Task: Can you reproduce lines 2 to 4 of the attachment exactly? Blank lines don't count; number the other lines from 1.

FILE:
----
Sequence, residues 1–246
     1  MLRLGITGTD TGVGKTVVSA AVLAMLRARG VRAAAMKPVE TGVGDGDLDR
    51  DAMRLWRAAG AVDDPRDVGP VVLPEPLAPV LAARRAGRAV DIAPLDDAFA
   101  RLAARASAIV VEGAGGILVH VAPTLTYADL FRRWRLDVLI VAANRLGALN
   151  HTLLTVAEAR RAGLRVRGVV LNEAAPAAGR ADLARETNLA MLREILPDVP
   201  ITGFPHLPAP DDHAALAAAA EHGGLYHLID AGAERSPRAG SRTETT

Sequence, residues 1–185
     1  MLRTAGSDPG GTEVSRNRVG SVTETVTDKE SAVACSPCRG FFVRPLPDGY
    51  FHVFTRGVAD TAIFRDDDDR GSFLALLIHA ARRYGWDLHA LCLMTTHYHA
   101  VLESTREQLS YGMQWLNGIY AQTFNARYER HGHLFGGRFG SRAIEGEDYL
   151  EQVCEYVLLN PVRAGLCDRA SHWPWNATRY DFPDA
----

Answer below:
     1  MLRLGITGTD TGVGKTVVSA AVLAMLRARG VRAAAMKPVE TGVGDGDLDR
    51  DAMRLWRAAG AVDDPRDVGP VVLPEPLAPV LAARRAGRAV DIAPLDDAFA
   101  RLAARASAIV VEGAGGILVH VAPTLTYADL FRRWRLDVLI VAANRLGALN